I teared up when she said she couldn't forgive herself sometimes. It's a place I've been many times. Sometimes it's harder to forgive ourselves than it is to forgive others. Lori is right you are a wonderful mother with an amazing little girl. Pretty good balancing imho

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    1. I am with you, I can forgive someone else anything. Not so much myself. When she said that, I vowed to work on my own self-forgiveness so that she could see it in action. That's what they really learn from.

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  8. It's so hard to see them hurt and harder still when we see so much of ourselves in them. I think jBird has an amazing gift in a mom who has such a way with words (and hearts).

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    1. Wow. Thank you. I wish I could remember that way with words (besides "Knock it off!") more often.

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  9. I'm with MM here - it is so hard to see yourself in your offspring. I've been known to apologize to both of my children but especially to Sonny Boy. He has always had too much of me in him for his own good.....He tells me he is happy with ALL that he got from me. Wait til he has his own kids.
    I have always been one like your jBird who feels too much - and so is Sonny Boy. I would see it in his face when someone else was hurting and it made me sad that he couldn't "guard his heart" more. But then neither could I.

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    1. I have not mastered the art of heart guarding, either. It's rough, but I think our kids have a better chance of it. I also try to remind myself that even though they have traits that are similar to mine, they are actually their traits that they will deal with in their own ways.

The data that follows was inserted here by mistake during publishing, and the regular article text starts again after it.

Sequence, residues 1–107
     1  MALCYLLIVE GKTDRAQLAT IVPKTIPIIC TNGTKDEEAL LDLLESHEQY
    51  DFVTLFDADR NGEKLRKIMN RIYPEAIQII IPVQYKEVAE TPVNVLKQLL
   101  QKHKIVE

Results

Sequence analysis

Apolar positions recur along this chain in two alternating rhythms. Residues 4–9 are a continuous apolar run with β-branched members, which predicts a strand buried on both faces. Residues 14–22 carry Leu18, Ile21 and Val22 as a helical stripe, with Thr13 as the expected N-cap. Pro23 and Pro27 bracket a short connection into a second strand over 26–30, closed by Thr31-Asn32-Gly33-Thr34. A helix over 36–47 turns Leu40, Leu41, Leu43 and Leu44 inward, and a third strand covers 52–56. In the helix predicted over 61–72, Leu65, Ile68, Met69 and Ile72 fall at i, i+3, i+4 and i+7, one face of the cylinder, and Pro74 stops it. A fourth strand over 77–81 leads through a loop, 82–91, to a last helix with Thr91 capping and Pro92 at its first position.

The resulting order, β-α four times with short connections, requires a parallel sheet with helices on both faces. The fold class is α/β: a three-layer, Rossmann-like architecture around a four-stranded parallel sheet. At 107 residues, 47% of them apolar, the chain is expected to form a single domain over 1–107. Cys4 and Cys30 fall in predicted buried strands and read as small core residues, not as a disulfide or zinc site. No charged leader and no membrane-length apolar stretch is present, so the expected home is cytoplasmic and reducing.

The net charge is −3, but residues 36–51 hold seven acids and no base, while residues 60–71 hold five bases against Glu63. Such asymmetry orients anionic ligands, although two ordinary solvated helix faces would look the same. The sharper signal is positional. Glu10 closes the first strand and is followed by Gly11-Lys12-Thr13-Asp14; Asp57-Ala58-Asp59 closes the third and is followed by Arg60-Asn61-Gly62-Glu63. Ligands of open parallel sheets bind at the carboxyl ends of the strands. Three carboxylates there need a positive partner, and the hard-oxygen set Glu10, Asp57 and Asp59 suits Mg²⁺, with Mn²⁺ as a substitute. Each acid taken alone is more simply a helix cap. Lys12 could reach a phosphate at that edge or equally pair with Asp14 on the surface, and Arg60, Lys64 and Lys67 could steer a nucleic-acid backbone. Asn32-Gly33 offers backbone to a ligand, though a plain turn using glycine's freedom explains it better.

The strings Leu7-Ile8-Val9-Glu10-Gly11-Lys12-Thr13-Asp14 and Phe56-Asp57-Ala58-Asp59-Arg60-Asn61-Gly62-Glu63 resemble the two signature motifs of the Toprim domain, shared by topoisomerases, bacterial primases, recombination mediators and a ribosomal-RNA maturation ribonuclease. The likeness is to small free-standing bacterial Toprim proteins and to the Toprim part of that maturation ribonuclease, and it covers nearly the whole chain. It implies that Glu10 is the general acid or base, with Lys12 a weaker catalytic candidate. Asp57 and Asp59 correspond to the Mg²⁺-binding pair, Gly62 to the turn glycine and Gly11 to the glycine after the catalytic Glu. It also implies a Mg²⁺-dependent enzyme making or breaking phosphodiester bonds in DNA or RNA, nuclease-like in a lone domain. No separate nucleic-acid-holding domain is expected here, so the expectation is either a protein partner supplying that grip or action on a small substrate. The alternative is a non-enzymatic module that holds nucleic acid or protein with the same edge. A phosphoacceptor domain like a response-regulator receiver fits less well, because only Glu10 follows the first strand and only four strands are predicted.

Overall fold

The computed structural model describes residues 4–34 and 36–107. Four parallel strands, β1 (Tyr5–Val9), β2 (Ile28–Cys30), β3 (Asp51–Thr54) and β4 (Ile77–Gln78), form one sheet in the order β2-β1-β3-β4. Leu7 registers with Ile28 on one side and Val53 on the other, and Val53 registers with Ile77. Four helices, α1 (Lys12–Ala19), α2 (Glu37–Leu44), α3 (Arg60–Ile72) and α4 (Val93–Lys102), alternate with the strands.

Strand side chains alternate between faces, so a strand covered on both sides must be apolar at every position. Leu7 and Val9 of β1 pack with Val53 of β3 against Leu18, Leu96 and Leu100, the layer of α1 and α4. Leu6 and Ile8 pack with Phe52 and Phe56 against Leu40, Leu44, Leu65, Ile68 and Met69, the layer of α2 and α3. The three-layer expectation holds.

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  10. I'm mentally sending you a balancing act kit. Enclosed, please find one umbrella, a unicycle, a very long pole, an acrobatic body in case you've always wanted one, a leotard and metaphors galore. Handle with care...they're for special people.

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    1. Oh! Thank you! I really need a new leotard!

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  11. Even if having a big heart can hurt from time to time, it is, in my opinion, a wonderful thing to have.

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    1. This is the conclusion I have come to, as well. I'd rather hurt sometimes than be cold all the time. It's just hard to see my wee girl hurt, but I know it's just one of those side effects of living.

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  12. That's the thing about communication, open and sincere, from an early age. Even if a child doesn't fully capture the concept on the first go around, there is always the second and the third, and a child's mind sorts and classifies. There is so much overlapping, that the pieces of the jigsaw begin to fill in the picture. And then the little mind completes the mosaic on her own, choosing a path that may or may not mirror that of Mom/Dad. All a mom/dad can do is listen and respond accordingly. A very poignant piece of writing.

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    1. Thank you, Mark. You have so eloquently summed up a large part of my parenting philosophy. I don't understand the notion of treating children like idiots - loud, baby talk voices, inane entertainment, etc. - when they are little sentient beings. No, they don't understand everything, but like you say, I believe if you just layer it on they will eventually get it and use it the way they see fit. But what do I know, really? I'm relatively new at this parenting thing and somewhat insane.

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  13. Sounds like your little Jbird is lucky to have you!

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    1. Thank you. I believe I am the lucky one in that situation.